Political Competition and the Diffusion of Policy Innovations in Local Government: the Case of Participatory Budgeting in Brazil

By Paolo Spada (Yale University – September 2010):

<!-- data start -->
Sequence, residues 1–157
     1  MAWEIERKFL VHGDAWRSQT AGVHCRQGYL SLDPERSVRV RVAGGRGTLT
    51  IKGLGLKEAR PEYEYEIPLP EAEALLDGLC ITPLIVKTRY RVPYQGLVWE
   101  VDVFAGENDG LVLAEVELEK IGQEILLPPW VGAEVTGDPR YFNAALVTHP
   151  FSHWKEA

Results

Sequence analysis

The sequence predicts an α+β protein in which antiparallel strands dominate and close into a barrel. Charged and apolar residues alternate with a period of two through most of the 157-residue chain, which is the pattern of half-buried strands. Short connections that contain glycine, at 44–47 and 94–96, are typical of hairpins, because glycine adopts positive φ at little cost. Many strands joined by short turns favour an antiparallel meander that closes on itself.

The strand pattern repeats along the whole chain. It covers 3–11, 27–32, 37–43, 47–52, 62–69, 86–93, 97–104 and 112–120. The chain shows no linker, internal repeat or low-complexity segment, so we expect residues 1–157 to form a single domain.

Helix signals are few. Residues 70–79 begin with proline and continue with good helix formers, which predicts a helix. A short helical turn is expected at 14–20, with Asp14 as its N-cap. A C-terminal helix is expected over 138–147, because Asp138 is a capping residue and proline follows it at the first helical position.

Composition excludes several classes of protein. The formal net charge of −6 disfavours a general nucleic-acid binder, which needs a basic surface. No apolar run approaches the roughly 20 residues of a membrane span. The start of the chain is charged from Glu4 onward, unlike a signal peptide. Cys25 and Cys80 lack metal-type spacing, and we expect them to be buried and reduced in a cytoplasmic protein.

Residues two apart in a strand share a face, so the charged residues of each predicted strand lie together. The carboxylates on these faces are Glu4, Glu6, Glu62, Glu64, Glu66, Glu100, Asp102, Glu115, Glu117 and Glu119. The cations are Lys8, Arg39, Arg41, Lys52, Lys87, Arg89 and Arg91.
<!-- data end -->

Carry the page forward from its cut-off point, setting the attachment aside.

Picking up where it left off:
“The diffusion of participatory budgeting does not exibit over time the S-shape typical of many technocratic policy innovations. I propose two mechanisms that explain the unusual diffusion of participatory budgeting in the Brazilian case. The first posits that participatory budgeting is adopted by mayors looking to expand their political support. The second mechanism claims that the Workers’ Party has branded participatory budgeting as a proprietary policy. This implies an additional adoption cost for cities not controlled by the Workers’ Party. Using a panel dataset with more than 400 cities covering the period between 1996 and 2008, the statistical analysis shows that an increase in political competition (measured as the share of the largest opposition party), irrespective of which party wins, leads to a higher probability of adoption. Additionally, among the cities controlled by the Workers’ Party, the mayor’s vote share is negatively correlated with adoption. Finally, in large cities not controlled by the Workers’ Party, the Workers’ Party seat share in the city chamber is negatively correlated with adoption. The latter effect might be a sign of the existence of branding, or might simply reflect that the Workers’ Party actively opposes the implementation of participatory budgeting when in the opposition.”

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